It is, for instance, amazing how meek Pelham is even when the core of his identity is under attack. When something moves in and tries to usurp his life, not only does Pelham avoid confrontation, he seems to move out of the way. When this creature begins to take everything that belongs to Pelham, our lead gradually gives up all of his identity rather than fight for it. When it causes a fuss at the gentlemen’s club, Pelham simply stops spending time there. When it starts wearing his clothes, Pelham buys himself a new wardrobe.

“I could vary my routine some,” he tells his psychiatrist. “Different hours, amusements, clothes, that sort of thing. Maybe buy a loud tie. I normally only wear this kind.” Not only does this supernatural entity succeed in assuming Pelham’s life, it manages to force Pelham out of it. It’s telling that Pelham changes so completely that he ceases to be the real Pelham to his friends and colleagues. “Would you ever see me in a tie like that?” the doppelgänger asks his manservant, at the point where Pelham loses absolutely everything and pretty much ceases to be Pelham in the eyes of anyone.

Hitchcock directs here, but his work is relatively unobtrusive. It is kind of cool to see the use of effective doubling in the fifties – to appreciate the special effects that allow the director to actually put two versions of Tom Ewell on screen at the same time. Still, the use of special effects not withstanding, Hitchcock mostly just lets Tom Ewell sell the story, and the veteran actor does a truly phenomenal job. It’s hard to imagine the episode working at all without Ewell in the lead role.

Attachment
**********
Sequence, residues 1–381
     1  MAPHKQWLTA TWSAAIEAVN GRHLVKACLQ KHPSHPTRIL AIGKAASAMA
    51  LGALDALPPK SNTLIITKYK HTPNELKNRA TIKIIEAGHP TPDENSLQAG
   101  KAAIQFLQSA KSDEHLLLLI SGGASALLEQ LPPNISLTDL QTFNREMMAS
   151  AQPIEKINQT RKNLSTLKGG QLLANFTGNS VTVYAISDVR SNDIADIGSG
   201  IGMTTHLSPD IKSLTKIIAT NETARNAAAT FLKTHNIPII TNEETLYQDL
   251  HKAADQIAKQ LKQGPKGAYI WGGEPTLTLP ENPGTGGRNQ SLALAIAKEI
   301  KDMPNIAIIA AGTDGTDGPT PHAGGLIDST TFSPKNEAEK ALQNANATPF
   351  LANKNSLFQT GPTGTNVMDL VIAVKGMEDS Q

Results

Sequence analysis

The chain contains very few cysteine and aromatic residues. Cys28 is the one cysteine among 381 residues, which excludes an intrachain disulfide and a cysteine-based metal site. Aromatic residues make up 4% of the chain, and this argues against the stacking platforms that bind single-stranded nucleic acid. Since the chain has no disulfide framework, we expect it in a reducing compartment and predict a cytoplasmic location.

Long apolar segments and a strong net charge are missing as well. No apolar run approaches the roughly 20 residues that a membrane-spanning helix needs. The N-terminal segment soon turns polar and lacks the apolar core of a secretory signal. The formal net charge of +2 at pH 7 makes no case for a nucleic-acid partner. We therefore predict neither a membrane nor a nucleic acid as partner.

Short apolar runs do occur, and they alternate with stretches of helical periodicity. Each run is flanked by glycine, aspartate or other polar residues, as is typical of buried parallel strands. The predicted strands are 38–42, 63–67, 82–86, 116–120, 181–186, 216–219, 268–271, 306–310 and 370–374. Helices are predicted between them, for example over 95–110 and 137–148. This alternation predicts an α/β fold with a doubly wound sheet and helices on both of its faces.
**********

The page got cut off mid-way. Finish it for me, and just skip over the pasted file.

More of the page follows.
It’s all deeply compelling stuff, which I think really makes the best use of a half-hour anthology format, where you have a relatively limited amount of space in which to cover your ground. I’d argue that The Case of Mister Pelham stands as one of Hitchcock’s finest contributions to the series, but I don’t think I’d get too much by way of disagreement. Those looking to sample the director’s work on the show could certainly do a lot worse than checking out his first Emmy-nominated episode.

Read the rest of our contributions to the “For the Love of Film” Alfred Hitchcock blogothon, all episodes from Alfred Hitchcock Presents:

Hey, hope you enjoyed the article. It’s just one of a series of articles we’re running this week to celebrate Alfred Hitchcock and raise money to make The White Shadow available streaming on-line for free. It’s a very worthy cause and you can donate here. Or you can click the link below.

You can find today’s selection of thoroughly awesome Hitchcock posts at The Self-Styled Siren.

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4 Responses

  1. This is a great, succinct analysis of the expertise Tom Ewell brought to this very scary episode, which I still remember after a zillion years. With many doppelganger stories, there’s usually a mutually beneficial agreement to change places, but here it’s like Pelham already doesn’t exist and is being phased out for a new, improved model. Thanks for participating in the blogathon, Darren!

  2. I do not know if it’s just me or if everybody else experiencing problems with your website.